Indeed, not every business is market-led when it comes to product innovation, operations or just internal processes. Some companies are much focused on being product-led because they believe they are the best at what they do and their products alone can influence customers to change their preferences to go for what they are selling.
Some even believe they can easily create a demand for their products with a strong budget to push the uptake of the product through advertising and promotion. Remember, all these efforts only after a product is out of the “oven” and has hit the market as opposed to prior market sensing in determining if the product is what the market needs.
Without a doubt, that product ought to be trusted by whoever is offering it and even be used as a main channel for acquisition or retention of customers. Certainly, not a divergent way of doing business but simply placing massive reliance on the product itself as the features are attuned to the needs of the market. Certain products can be instant hits and be received well by the market despite the fact no market or consumer research preceding or informing their development. An interesting fact, however, is the success rate of these products never surpasses those that went through a rigorous research process and development.
Again, this is not to argue till the end of time that products that have gone through ample research and development can never fail. They still do but their failure rate is much lower. Remember, for a business, a product or service is only valuable if not it attains rapid growth. Moreover, a return on investment needs to be there for that product to be offered and used by the clients and thus earning widespread adoption. So, my argument really is, if at all the decision is to be product-led in achieving growth or profitability, certain fundamentals ought to be guaranteed.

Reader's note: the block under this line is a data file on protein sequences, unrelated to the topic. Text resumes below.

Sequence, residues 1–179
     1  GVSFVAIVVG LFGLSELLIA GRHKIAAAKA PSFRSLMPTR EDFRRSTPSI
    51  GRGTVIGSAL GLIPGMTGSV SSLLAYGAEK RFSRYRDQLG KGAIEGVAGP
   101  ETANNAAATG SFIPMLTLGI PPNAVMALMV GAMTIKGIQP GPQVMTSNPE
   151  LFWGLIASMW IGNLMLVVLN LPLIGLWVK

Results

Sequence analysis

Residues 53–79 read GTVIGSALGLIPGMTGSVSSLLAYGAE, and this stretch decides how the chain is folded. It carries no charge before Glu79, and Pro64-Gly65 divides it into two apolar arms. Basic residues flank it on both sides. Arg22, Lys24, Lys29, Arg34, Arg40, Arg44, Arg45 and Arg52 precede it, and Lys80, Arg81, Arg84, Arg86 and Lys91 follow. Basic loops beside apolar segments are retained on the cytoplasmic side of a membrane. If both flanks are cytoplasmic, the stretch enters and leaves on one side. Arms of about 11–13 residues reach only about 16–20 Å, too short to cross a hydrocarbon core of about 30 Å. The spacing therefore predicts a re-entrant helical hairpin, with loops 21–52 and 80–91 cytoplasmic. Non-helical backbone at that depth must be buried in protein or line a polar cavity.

- There has to be careful monitoring of user on-boarding checked against set acquisition targets. Vital clues such as why the product performance is above or below expectations should be collected for analysis. The analysis typically informs tactics for reinforcements or anomalies to addressed – either the product itself is a problem and does meet user expectations or the adopted market strategy to push the product or service is a misdiagnosis.
- The same product might be distributed to different demographics or psychographics, segmentation and user identification then becomes a must-do and follow. The tactics or marketing efforts should vary in terms of messaging and a specific demographic is to be reached in communicating benefits of the product and getting the product in their hands. A robust proactive outreach has to be part of the tactics.
- There has to be an overwhelming understanding of the value of the product being sold to the customer by the company itself. What is value? That is the amount of pula that the product is likely to generate. The pula is exactly how much the client is willing to pull that product off the shelf. Why? Because of the need for the product or just how it makes the buyer feel matters a lot.
Afterall, necessity is the mother of invention. The market can create the pull factor, the marketing needs such a product and a business stepping forward and designing that product or a push on the flip side of a product or service being with heavy marketing machinery for positioning purposes and generating a necessary demand or tactics.
LinkedIn: Gomolemo Kololo Manake